This list of bullshit words is not by any means complete. I’ve left out color and taste sensory analogs, for example. A good rule to apply to modern ad-driven reviews and marketing claims is “any asshole can write marketing bullshit.” There is no one checking these claims with test equipment or even half-decent ears. So, if it sounds too good to be true, it is.
Saturday, December 5, 2015
Friday, December 4, 2015
In a possibly hopeless attempt to convince a friend that her vocal group could benefit from a little microphone application knowledge, I went looking for some artwork to help with my descriptions. Luckily, Sterling Audio had exactly what I needed. The illustration at right is one of the points I was trying to make. My friend’s group is a fairly large women’s vocal group and their bandleader semi-wisely selected a collection of six low cost large-element condenser microphones with which he lines up in even spacing across the stage, randomly distributing the microphones across 11 performers. The original intent was something like the above illustration. Obviously, 11 into 6 produces a significantly different dynamic, but the flawed concept is the same.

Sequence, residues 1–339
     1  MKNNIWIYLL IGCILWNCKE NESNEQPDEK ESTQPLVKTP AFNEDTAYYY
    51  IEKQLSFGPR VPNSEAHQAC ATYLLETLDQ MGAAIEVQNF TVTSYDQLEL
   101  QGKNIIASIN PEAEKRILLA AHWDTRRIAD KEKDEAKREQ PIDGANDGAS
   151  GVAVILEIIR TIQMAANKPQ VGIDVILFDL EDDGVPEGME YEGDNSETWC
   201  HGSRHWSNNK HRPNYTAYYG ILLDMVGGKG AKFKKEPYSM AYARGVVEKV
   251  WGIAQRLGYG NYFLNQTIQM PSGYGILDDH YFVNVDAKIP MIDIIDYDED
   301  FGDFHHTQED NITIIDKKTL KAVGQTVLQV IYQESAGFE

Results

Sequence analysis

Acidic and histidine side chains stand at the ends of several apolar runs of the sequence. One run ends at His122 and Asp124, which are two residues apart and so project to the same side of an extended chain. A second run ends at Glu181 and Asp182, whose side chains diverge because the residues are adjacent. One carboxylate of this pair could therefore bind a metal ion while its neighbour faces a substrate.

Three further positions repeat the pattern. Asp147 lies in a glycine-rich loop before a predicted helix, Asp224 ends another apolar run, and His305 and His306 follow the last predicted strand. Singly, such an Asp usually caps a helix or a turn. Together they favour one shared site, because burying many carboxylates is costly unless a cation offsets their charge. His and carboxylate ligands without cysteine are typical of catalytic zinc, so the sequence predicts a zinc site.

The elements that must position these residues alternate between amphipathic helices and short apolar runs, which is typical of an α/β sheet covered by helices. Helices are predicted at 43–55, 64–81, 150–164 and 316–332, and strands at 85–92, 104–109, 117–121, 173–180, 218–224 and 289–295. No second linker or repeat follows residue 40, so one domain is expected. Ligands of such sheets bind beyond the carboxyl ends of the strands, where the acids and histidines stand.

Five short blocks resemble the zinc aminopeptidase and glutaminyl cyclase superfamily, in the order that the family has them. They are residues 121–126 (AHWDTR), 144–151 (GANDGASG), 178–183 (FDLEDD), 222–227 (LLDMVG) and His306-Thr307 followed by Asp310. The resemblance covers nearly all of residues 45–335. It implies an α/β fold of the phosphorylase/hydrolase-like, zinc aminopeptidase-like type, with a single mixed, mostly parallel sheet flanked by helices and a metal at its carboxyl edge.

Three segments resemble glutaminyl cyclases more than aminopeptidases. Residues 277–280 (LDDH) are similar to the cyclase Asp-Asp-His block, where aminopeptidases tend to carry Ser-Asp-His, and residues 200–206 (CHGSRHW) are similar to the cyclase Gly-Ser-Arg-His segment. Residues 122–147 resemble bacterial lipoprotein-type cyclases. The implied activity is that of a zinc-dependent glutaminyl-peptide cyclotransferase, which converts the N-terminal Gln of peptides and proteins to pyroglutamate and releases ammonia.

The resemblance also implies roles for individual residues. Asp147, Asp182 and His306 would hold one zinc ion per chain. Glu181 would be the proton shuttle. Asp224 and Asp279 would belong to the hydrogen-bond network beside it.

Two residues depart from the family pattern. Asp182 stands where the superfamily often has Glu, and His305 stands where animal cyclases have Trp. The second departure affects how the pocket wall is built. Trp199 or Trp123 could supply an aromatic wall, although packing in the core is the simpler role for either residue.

Performance-wise, the problem is even more dramatic. During a recent show, I solo’d up each vocal mic and discovered that the vocalists could be counted on one of two possibilities: 1) some singers naturally gravitated to grouping around a mic and singing “together” and 2) some naturally filtered to an abandoned mic and sang “solo.” If you’ve never sang in a group this might surprise you, but if you have this will be a no-brainer: the solo vocalists were consistently off-time and key and the together vocalists consistently delivered stronger, tighter, more in-key performances. So much so that I found myself naturally fading-out the solo mics and blending the group performers by ear, as I pulled down disagreeable faders and pulled up the performances that blended well.